A big thanks to Onx backcountry for making these post happen. Check out the Onx mapping app for your next backcountry adventure and click here to use the app to support your local avalanche forecasters
Ever notice how the names “G3” and “K2” are siblings? G comes before K, but 2 comes before 3. You tell me what all that means, but know that both companies make nice beefy avalanche rescue probes. A couple of their offerings recently faced off on the WildSnow playa, six-shooters boomed, both…well, read on. (Clarity: This review is for 2011/12 models.)
G3 Speed Tech weighs 8.5 oz, (242 gr) at 2.48 meter length. K2 weighs 10.4 oz, (296 gr) at 3 meter length. You could say these two probes are in different classes of weight and bulk, but they’re really quite similar in those areas (we evaluated the shorter version of the G3, at 2.48 meters, while G3 also makes a 3.28 meter version at 10.4 ounces, thus matching weight of K2 but being slightly longer). Also note that the price difference between these two guys is substantial, around $50 street for the G3, around $90 for the K2.
While the longer lengths of both these probes can be useful, we feel that for exclusive use as a companion rescue probe about 2 meters length is adequate. Others disagree, and yes, using a longer probe is more ergonomic as you don’t have to bend over to get closer to the snow surface, as you do to go deeper with a 2 meter stick. Thus, we hear quite a bit of talk these days about 3 meters being the desirable length but 2.48 in our view is plenty long as well.
Well, there you go. The boys slapped leather, dodged bullets, and they’re both still standing. My take? If you want a markedly rigid and strong probe, perhaps for glacier crevasse probe use or plain old peace of mind, consider K2 Backside. If you want something we feel is still effective, a bit lighter, though definitely more flexy and slightly less strong, go G3 Speed Tech in the shorter length. Either way, they’ll work.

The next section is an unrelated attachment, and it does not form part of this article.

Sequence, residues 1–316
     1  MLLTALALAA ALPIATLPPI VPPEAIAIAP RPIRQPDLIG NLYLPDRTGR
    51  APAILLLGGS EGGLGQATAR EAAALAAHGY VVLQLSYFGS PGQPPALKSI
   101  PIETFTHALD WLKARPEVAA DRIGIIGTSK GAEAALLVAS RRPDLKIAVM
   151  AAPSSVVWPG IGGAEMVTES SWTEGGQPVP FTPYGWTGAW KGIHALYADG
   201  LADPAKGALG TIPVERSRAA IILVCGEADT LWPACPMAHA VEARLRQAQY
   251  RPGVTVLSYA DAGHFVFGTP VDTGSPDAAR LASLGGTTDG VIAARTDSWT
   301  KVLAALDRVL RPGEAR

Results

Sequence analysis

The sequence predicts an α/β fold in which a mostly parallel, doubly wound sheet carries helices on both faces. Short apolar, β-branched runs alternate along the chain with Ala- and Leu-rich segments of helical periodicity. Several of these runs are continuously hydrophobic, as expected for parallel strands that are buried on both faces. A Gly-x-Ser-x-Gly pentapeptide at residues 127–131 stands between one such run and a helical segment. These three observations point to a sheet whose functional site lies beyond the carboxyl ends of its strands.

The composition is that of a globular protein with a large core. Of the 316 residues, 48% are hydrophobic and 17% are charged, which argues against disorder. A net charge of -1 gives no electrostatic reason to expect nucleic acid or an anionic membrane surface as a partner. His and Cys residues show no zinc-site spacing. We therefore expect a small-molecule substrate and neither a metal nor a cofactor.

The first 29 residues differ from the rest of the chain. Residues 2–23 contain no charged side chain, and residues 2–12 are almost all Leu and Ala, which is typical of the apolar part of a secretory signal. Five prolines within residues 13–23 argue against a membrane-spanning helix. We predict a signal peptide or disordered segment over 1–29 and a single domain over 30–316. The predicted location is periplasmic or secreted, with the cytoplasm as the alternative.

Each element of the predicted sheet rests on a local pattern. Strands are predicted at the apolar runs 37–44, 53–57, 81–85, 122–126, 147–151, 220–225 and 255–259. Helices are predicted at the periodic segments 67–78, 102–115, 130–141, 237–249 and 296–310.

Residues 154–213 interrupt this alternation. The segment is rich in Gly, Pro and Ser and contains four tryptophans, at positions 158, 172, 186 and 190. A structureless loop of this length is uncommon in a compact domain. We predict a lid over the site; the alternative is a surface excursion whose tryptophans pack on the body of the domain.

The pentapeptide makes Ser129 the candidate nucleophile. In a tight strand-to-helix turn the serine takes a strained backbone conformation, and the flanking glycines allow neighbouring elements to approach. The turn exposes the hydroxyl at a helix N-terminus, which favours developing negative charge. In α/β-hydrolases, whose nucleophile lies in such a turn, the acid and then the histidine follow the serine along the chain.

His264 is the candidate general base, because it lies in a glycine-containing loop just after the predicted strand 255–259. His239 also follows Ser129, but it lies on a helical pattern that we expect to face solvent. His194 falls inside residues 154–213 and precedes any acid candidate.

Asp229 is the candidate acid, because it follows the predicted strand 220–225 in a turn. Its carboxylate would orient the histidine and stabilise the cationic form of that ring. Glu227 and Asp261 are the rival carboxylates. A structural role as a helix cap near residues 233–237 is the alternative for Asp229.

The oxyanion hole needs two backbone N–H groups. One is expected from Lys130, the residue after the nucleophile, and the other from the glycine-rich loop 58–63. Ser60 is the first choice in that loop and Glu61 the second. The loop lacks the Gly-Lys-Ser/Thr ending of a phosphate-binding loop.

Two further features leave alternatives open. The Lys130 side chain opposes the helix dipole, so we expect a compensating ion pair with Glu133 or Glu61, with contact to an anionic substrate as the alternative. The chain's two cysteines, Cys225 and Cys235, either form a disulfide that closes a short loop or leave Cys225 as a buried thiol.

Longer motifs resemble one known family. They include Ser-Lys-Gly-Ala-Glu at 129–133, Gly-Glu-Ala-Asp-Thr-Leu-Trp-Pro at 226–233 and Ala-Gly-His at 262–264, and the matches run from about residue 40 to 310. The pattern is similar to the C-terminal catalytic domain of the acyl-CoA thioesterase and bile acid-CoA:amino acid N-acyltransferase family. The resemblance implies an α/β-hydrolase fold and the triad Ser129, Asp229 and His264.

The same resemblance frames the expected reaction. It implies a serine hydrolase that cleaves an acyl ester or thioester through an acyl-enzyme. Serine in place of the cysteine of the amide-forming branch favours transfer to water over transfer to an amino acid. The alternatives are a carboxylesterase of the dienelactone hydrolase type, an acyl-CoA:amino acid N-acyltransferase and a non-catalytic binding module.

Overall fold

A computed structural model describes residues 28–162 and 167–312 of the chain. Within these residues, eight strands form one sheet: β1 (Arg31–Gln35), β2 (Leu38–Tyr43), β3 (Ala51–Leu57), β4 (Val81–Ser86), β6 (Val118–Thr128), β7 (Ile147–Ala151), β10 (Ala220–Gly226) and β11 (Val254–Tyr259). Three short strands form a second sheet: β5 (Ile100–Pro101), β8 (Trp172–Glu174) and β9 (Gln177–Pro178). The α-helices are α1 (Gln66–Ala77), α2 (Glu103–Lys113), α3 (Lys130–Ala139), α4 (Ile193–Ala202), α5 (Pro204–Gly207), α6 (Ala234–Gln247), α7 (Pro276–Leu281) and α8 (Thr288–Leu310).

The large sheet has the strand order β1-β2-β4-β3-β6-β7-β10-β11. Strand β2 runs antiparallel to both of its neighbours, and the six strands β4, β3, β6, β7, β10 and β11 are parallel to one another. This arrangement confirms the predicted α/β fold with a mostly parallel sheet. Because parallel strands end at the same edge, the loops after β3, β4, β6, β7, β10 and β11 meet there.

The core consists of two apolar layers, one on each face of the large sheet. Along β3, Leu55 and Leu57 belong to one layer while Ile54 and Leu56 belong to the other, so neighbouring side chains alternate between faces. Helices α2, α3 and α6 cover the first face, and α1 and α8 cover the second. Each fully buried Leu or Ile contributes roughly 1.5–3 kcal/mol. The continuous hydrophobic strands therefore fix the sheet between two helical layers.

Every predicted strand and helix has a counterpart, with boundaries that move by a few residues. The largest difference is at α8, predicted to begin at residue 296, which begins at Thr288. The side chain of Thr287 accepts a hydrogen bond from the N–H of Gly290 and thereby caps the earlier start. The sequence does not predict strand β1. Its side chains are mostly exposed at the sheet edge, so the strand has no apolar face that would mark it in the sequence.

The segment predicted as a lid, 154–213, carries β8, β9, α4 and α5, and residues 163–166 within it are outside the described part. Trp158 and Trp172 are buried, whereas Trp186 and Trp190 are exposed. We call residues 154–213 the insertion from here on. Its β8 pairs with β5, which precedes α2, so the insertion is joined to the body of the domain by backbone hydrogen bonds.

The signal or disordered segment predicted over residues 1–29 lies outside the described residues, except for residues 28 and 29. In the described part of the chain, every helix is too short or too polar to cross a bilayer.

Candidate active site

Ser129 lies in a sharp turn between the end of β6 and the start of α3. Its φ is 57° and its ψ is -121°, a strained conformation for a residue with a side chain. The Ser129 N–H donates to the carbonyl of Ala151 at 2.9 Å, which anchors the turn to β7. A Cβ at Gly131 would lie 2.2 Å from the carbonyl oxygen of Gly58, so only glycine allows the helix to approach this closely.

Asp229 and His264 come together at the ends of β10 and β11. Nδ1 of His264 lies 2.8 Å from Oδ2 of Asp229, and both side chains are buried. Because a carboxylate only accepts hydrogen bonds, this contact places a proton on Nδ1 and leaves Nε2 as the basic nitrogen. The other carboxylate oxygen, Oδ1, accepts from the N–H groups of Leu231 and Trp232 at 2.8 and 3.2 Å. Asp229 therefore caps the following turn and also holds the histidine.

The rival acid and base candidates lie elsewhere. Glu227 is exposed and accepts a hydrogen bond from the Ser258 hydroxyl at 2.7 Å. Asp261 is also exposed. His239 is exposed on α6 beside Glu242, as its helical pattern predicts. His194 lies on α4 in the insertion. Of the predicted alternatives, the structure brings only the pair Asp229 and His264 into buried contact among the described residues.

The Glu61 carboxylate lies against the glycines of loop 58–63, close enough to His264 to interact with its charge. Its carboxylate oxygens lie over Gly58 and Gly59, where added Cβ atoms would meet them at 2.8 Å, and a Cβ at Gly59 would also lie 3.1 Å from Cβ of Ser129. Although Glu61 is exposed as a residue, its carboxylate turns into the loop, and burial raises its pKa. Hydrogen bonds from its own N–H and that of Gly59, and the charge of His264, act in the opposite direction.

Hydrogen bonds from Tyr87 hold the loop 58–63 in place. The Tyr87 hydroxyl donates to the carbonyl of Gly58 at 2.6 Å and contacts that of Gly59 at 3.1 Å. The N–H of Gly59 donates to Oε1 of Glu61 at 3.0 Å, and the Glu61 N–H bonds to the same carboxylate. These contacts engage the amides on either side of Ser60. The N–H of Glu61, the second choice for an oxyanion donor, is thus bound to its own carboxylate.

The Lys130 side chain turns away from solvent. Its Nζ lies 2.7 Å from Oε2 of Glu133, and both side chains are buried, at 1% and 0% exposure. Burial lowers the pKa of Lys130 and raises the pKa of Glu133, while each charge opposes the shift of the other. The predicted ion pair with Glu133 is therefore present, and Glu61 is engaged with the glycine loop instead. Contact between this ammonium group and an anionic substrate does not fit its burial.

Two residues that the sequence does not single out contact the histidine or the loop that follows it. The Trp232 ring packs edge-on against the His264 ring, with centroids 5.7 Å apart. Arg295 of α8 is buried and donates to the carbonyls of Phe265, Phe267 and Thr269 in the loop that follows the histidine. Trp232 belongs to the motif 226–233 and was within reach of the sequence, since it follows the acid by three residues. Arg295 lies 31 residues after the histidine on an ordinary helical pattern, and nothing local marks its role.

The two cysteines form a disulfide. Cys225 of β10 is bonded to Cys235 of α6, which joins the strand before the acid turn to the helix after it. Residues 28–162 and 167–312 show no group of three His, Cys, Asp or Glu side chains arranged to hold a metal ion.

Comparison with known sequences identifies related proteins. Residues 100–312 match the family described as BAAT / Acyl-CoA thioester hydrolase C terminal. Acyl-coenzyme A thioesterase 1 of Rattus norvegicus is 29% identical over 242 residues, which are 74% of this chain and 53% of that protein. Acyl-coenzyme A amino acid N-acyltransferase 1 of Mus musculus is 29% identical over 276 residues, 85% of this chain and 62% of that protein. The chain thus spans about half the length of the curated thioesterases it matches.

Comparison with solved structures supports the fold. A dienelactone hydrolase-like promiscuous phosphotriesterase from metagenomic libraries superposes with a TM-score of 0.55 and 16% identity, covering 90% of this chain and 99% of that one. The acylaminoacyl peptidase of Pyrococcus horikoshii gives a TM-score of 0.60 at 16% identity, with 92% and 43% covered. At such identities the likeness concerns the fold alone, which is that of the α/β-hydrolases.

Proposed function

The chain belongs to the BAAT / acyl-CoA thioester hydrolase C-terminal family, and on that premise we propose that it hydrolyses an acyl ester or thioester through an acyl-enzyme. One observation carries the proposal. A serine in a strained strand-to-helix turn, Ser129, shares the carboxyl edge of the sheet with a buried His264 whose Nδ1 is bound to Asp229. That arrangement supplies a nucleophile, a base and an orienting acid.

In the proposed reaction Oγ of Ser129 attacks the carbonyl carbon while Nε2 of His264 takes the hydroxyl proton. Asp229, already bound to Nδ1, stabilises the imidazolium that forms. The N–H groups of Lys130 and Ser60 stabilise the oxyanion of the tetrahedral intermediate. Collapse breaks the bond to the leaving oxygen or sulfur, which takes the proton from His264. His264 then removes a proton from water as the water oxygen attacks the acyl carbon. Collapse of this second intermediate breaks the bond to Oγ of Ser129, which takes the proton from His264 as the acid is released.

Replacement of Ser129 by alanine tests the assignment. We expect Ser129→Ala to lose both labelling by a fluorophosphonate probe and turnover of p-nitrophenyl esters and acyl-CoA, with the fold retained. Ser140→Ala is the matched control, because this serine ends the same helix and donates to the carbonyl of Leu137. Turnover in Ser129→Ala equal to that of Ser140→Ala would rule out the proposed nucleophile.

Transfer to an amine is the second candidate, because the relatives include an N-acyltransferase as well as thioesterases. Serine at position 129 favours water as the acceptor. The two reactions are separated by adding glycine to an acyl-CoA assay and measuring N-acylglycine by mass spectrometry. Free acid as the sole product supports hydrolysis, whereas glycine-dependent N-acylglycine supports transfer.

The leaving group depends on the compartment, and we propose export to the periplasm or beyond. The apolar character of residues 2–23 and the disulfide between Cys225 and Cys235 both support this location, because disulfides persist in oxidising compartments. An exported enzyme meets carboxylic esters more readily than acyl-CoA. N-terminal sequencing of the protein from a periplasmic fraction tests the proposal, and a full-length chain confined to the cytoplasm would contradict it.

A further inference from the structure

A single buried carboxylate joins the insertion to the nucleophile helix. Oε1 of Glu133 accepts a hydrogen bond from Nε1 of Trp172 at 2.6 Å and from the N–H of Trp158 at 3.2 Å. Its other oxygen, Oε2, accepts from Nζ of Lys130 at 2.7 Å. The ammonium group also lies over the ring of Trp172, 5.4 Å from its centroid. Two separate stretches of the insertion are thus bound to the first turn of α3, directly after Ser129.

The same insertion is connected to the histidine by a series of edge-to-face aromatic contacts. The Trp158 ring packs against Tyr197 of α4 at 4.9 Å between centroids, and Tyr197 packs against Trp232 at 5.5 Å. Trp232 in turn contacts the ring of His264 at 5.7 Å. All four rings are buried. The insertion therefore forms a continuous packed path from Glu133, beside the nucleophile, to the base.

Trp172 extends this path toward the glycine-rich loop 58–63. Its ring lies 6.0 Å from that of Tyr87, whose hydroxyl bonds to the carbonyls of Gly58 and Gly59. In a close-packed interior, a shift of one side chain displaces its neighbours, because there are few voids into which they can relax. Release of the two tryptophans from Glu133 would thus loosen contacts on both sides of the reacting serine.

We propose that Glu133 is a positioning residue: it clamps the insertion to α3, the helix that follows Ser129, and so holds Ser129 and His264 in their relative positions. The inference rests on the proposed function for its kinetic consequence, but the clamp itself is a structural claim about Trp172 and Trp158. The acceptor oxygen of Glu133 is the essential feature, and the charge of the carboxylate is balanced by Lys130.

(Please note other companies make beefy probes as well, most notably Backcountry Access, Pieps, and Ortovox. Reviews in the works for selected items from those guys.)
Shop for Pieps iProbe (I added this one in as it’s got a built-in beacon receiver, kinda cool.)
WildSnow.com publisher emeritus and founder Lou (Louis Dawson) has a 50+ years career in climbing, backcountry skiing and ski mountaineering. He was the first person in history to ski down all 54 Colorado 14,000-foot peaks, has authored numerous books about about backcountry skiing, and has skied from the summit of Denali in Alaska, North America’s highest mountain. For more about Lou, please see his personal website at https://www.loudawson.com/ (Blogger stats: 5 foot 10 inches (178 cm) tall, 160 lbs (72574.8 grams).